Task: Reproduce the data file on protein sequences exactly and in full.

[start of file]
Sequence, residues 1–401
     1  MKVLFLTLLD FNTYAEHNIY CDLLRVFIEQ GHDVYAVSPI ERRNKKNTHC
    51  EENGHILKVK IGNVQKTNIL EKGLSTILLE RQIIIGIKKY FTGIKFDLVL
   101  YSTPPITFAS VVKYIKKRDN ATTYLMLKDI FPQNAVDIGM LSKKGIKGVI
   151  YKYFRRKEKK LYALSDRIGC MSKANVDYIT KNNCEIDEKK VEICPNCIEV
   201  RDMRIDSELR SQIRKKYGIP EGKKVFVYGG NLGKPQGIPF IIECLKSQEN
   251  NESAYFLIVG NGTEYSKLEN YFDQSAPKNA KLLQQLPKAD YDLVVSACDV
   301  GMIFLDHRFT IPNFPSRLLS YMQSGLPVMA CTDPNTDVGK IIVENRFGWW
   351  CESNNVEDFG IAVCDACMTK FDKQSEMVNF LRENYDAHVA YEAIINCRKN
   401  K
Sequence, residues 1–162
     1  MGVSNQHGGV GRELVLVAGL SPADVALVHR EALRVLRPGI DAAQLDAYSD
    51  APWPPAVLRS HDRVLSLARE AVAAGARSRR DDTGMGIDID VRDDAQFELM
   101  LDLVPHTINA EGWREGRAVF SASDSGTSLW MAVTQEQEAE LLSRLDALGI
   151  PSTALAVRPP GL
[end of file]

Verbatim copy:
Sequence, residues 1–401
     1  MKVLFLTLLD FNTYAEHNIY CDLLRVFIEQ GHDVYAVSPI ERRNKKNTHC
    51  EENGHILKVK IGNVQKTNIL EKGLSTILLE RQIIIGIKKY FTGIKFDLVL
   101  YSTPPITFAS VVKYIKKRDN ATTYLMLKDI FPQNAVDIGM LSKKGIKGVI
   151  YKYFRRKEKK LYALSDRIGC MSKANVDYIT KNNCEIDEKK VEICPNCIEV
   201  RDMRIDSELR SQIRKKYGIP EGKKVFVYGG NLGKPQGIPF IIECLKSQEN
   251  NESAYFLIVG NGTEYSKLEN YFDQSAPKNA KLLQQLPKAD YDLVVSACDV
   301  GMIFLDHRFT IPNFPSRLLS YMQSGLPVMA CTDPNTDVGK IIVENRFGWW
   351  CESNNVEDFG IAVCDACMTK FDKQSEMVNF LRENYDAHVA YEAIINCRKN
   401  K
Sequence, residues 1–162
     1  MGVSNQHGGV GRELVLVAGL SPADVALVHR EALRVLRPGI DAAQLDAYSD
    51  APWPPAVLRS HDRVLSLARE AVAAGARSRR DDTGMGIDID VRDDAQFELM
   101  LDLVPHTINA EGWREGRAVF SASDSGTSLW MAVTQEQEAE LLSRLDALGI
   151  PSTALAVRPP GL